Now that Thanksgiving is officially over, we have moved on to Christmas!  Tonight we turned on some Christmas music, set up our Christmas tree, and decorated our apartment!  I never thought I would see the day when Nick and I would have a fake tree, but there really aren't any trees here we would want to bring into our house!  Nick was extremely disappointed that we couldn't find any light to put on our tree.  Eventz slept through the whole process!  When we were done we had warm chocolate chip cookies and watched a Veggietales Christmas story.

Tomorrow we are decorating the Baby House!!

Saturday, November 27, 2010

1600 Deaths

The latest statistics are that 1600 people have died of Cholera in Haiti, and that over 18,000 have gotten sick from it.  As I have stated before, these are just the reported cases, THERE ARE SO MANY MORE.  These are just the people who have been able to afford a trip to the hospital, many can't afford this.  So many people are getting sick and dying at their homes, or in the country side.  Estimates say that approximately 200,000 people will become sick from this bacteria.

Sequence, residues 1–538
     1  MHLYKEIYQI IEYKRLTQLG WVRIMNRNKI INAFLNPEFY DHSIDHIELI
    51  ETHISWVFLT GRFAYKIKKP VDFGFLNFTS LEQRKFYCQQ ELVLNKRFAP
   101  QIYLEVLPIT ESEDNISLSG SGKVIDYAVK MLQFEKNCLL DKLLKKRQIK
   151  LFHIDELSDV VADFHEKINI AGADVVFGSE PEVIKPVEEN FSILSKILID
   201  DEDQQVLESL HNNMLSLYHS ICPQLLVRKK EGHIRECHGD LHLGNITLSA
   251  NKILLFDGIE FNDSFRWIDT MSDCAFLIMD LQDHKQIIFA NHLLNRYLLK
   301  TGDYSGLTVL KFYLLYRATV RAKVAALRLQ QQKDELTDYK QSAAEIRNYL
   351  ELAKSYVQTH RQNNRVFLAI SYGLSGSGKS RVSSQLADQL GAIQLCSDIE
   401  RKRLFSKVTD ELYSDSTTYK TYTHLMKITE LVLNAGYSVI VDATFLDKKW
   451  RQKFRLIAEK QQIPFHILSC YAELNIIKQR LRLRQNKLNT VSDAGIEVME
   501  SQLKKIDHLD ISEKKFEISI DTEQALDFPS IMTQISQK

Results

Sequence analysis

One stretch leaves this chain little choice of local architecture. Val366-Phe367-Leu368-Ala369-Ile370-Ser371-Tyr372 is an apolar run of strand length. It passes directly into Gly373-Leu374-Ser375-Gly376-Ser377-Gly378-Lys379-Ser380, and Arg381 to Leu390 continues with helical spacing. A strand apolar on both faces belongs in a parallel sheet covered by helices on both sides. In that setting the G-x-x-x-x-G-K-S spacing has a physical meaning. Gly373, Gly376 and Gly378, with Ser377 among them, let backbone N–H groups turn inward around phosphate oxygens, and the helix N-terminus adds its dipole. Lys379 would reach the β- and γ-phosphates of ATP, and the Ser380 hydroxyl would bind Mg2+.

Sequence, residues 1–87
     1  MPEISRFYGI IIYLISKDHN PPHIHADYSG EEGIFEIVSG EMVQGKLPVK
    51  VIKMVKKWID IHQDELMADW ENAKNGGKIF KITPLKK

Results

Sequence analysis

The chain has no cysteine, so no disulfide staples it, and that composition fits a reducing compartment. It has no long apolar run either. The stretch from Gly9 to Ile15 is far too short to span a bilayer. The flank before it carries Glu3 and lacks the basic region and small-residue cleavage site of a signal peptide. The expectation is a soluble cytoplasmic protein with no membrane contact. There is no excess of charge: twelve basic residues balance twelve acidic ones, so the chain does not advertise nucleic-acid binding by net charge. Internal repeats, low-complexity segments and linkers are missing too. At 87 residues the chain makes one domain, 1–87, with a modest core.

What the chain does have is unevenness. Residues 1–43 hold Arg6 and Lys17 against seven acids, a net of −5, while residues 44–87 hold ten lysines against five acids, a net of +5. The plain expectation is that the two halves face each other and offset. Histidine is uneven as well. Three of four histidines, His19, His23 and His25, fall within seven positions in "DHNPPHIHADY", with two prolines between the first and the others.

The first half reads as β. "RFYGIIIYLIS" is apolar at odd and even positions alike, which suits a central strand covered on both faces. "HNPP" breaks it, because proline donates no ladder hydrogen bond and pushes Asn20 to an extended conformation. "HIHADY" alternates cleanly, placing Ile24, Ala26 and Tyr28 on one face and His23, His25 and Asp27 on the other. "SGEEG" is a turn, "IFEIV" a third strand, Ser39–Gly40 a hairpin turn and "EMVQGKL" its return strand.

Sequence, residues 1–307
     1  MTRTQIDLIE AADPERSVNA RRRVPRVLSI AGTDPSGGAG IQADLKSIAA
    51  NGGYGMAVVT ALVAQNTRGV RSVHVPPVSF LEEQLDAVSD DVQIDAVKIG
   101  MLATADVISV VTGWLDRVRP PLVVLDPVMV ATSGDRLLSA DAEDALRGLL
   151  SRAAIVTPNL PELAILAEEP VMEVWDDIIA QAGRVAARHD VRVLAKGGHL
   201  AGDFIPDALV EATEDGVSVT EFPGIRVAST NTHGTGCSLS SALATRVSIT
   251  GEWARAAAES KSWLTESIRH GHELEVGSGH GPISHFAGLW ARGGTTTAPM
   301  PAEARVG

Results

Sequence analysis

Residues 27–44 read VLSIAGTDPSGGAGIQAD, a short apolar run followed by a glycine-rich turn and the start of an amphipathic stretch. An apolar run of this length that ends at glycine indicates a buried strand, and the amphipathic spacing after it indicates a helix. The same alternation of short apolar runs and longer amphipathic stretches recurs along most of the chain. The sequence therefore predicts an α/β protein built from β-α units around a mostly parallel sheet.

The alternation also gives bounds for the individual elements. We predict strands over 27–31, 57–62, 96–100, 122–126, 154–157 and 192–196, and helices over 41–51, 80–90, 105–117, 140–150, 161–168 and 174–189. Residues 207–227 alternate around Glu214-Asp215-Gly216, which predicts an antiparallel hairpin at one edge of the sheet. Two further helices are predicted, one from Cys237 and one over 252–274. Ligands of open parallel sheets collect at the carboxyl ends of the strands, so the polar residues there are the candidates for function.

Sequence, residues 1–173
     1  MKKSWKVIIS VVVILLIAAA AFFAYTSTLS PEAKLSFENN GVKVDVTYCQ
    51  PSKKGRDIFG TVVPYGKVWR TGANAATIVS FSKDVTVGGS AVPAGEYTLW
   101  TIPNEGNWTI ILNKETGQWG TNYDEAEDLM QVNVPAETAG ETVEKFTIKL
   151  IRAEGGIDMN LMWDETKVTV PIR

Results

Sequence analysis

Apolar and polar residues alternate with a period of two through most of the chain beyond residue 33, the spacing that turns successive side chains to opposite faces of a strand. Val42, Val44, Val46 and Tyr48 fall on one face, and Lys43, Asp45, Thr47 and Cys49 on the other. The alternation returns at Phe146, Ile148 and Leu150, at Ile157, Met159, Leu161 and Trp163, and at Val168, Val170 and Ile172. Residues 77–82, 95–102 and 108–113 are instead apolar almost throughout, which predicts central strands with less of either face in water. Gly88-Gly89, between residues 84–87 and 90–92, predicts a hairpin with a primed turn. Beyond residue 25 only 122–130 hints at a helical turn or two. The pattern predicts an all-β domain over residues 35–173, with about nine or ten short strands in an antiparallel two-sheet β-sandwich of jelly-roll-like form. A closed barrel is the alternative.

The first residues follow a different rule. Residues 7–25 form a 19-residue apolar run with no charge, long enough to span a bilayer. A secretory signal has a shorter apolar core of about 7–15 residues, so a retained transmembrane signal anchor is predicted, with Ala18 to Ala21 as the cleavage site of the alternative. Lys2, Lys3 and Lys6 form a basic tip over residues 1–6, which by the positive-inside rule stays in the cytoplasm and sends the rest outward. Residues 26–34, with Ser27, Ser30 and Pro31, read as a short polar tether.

I read that the expected death rate for this was 1%.  In Port Au Prince, the actual death rate is 4%, and in Cap Haitien, it's 7.5%.  That ridiculous since this is a curable bacteria.  All that they need when they get this is an IV and rehydration fluids.  They will be miserable for a while, but if treated fast enough, should be able to leave the hospital in less than 48 hours.

The local hospital here has been maintaining an average of 60-80 Cholera patients.  Many are discharged, but others keep coming in.  Amy went to a clinic in Limbe a few days ago and is there again today to help with Cholera patients.  She kept saying how understaffed they are and how much work they have to do.  She put in IV's all day and ran around changing IV bags.  The way she described the clinic was horrible.